To update your settings, from your personal profile click “Friends,” then in the top-right, click the writing utensil, selecting “Edit Privacy.” Select “Only Me” as the privacy setting. This ensures that only you can see your friend list. Remember folks: Just b e c a u s e Facebook asks you to include key information, does not mean

that it is a requirement! Only share information with which you are comfortable.


hackers, but they are not breaking into your account through emails and passwords, rather, they are gathering public Facebook information and creating a second you. It is important, therefore, to be confident about the information you share with friends and the public. There are a few key areas to focus on, including: 1. Cover Photos The large horizontal image at the top of your Facebook personal profile is your personal cover photo. While some people have chosen not to upload a custom image, many people have taken the opportunity to showcase family, wedding, vacation, or personal photos. It is important to be aware that these photos are visible to the public and that anyone can save these photos to their desktop for their personal use. If you are concerned about your privacy, consider removing this image. 2. Profile Picture Your Facebook profile picture is the image that appears whenever you create posts, or comment on friend’s posts. Users can change the privacy setting for each profile picture either to public, friends, only me, or

Booking now being accepted for Chamber Trip to China Travel. Learn. Network!

The Greater Kingston Chamber of Commerce is offering an 11-day trip to China, departing March 29, 2014. This trip is operated by Nexus Holidays and is offered in partnership with Marlin Travel Service Guaranteed. This trip is ideal for those looking to have a first experience with China. If you think that you will need to know more about China for your business, or if you are just interested in learning more about the country and seeing some of its key sights, this itinerary will give you a great exposure to the people, history and culture of China. Visits include the Great Wall, the Forbidden City and Tian An Men Square, as well as some local business tours. Accommodations are all in five-star hotels in Beijing, Hangzhou, Wuxi, Suzhuo and Shanghai, and international flights are on Air Canada. The price of the trip is only $2,499 for Chamber members, and $2,699 for non-members, per person, based on double occupancy. This price includes all airfare (international on Air Canada, and domestic within China), bus transportation (to and from Toronto airport, and within China), most meals, 5-star hotels, attractions, english-speaking guides, taxes and fees. The cost of your travel visa, personal expenditures and gratuities, as well as a couple of meals, are not included. A full information session will be presented on Wednesday October 9th. This session will include presentations from the travel company, and it is free to attend with no obligation to join the trip. People interested in attending the information session should register in advance to The session will run from 5-7pm at the Travelodge Hotel. Also, you can visit us at the Chamber’s Connect Business Expo on Thursday September 26th at the K-Rock Centre to learn more!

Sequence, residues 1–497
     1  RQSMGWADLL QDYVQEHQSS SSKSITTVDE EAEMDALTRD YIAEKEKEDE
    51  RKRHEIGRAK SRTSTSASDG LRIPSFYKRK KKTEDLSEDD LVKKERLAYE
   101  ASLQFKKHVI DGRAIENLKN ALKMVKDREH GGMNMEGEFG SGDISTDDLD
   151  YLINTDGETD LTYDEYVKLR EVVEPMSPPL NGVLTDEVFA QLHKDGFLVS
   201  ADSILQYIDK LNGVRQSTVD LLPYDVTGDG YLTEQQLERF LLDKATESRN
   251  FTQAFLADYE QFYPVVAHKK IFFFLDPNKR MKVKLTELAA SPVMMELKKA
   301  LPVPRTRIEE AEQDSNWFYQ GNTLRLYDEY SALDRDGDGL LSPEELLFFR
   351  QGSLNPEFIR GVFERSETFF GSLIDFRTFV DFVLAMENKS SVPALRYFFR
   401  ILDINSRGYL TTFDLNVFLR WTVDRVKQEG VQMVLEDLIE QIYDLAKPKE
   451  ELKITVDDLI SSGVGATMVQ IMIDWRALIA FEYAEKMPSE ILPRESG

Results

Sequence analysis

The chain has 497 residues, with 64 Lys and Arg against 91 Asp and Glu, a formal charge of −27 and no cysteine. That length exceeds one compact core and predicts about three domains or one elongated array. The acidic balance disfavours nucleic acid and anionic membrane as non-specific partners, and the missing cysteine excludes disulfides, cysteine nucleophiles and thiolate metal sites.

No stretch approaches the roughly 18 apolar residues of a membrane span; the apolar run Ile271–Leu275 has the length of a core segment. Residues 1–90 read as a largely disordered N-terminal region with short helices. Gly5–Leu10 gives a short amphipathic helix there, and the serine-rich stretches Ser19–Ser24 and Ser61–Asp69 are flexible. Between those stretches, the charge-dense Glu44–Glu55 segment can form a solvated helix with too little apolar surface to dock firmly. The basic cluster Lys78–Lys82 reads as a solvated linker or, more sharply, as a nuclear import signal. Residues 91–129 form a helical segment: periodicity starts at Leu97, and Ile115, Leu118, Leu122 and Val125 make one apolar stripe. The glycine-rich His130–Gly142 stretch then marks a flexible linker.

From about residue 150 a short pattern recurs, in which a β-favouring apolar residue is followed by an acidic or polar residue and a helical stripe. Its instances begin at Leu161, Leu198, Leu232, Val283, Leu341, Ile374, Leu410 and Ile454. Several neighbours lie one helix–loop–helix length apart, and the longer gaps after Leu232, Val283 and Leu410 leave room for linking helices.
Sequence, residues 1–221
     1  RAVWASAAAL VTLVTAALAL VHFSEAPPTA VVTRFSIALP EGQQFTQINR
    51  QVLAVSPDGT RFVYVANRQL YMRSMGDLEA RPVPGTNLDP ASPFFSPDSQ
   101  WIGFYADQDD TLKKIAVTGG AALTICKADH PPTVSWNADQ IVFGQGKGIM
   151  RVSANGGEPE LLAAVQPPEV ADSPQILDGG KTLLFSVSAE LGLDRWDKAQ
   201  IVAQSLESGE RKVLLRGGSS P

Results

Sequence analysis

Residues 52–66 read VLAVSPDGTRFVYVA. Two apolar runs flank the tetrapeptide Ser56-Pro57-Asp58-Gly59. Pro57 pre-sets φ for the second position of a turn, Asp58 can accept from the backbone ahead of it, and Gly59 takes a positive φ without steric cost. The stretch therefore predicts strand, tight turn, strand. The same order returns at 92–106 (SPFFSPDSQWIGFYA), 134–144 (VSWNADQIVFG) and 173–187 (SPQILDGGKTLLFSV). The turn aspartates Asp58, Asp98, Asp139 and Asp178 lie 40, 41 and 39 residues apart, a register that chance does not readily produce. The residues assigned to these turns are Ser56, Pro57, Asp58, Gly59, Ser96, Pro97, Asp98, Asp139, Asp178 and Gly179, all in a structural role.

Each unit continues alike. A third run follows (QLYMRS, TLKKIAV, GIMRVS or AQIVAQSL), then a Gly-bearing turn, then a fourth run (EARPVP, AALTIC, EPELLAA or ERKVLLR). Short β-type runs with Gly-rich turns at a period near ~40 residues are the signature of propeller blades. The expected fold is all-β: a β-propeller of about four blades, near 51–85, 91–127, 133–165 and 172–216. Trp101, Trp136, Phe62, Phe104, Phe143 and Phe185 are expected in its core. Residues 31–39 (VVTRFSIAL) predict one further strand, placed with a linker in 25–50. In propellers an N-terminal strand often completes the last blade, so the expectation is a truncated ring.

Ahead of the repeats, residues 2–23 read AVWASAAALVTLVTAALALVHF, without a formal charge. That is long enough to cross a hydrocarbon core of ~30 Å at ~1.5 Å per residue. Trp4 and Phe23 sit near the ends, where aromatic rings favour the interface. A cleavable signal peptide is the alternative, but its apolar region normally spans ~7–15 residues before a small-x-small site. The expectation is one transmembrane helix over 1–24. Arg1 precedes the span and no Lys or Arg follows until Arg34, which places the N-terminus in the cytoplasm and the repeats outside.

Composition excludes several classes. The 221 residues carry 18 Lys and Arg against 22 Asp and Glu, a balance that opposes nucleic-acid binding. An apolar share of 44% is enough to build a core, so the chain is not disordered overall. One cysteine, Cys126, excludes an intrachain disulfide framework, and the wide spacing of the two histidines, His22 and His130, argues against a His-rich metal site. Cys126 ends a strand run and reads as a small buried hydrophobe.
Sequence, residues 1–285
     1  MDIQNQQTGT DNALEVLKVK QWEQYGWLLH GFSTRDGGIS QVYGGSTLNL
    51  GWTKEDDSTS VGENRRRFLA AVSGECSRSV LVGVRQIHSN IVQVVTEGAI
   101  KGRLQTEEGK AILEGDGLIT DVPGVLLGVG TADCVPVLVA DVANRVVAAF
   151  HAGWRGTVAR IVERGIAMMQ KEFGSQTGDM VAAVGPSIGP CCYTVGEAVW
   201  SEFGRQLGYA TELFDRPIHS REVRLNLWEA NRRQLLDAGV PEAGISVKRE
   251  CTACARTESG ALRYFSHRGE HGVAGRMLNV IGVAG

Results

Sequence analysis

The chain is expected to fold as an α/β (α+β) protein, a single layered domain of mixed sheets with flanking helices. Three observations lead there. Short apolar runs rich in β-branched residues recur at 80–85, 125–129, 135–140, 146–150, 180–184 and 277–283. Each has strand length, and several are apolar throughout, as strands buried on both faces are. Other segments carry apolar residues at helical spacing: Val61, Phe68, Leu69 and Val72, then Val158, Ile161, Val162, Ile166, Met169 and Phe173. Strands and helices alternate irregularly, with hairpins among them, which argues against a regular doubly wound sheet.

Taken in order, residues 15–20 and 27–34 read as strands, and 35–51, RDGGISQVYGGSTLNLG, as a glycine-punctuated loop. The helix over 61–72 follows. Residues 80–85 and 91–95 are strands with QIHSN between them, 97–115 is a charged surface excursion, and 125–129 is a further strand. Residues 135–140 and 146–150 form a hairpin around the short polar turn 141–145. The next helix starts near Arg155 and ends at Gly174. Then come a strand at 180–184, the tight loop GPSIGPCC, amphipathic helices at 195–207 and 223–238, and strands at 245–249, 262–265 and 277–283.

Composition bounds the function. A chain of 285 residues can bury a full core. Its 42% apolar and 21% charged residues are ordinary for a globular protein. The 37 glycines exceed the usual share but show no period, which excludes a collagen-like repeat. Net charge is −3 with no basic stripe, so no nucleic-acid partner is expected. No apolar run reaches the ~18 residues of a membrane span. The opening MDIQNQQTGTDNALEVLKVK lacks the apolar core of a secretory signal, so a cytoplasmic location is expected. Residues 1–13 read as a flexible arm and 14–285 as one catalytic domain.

Need Business Help?


And, bookings and further trip information can be obtained through Jackie Lacey at Marlin Travel Service Guaranteed at 613.384.4567 x 115 or


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Kingston Business Today - Tuesday, September 3, 2013 5

Providing quality bilingual services 8 helpful tips services. To become a leader in bilingual recruitment just follow these simple tips below: